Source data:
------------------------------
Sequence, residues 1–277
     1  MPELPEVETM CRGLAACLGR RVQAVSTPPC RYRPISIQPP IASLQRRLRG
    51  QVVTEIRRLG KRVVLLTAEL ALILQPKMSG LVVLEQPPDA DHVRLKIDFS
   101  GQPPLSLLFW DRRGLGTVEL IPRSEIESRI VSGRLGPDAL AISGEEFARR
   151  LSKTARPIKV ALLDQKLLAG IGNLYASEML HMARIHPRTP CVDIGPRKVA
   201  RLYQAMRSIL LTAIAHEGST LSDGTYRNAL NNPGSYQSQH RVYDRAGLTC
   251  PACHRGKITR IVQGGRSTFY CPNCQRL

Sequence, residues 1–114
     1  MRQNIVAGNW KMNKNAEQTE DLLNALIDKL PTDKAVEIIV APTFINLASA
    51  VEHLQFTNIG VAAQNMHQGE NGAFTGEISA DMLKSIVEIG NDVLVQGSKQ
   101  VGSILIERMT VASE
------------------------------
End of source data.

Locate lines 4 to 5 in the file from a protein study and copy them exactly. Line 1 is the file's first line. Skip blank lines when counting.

   101  GQPPLSLLFW DRRGLGTVEL IPRSEIESRI VSGRLGPDAL AISGEEFARR
   151  LSKTARPIKV ALLDQKLLAG IGNLYASEML HMARIHPRTP CVDIGPRKVA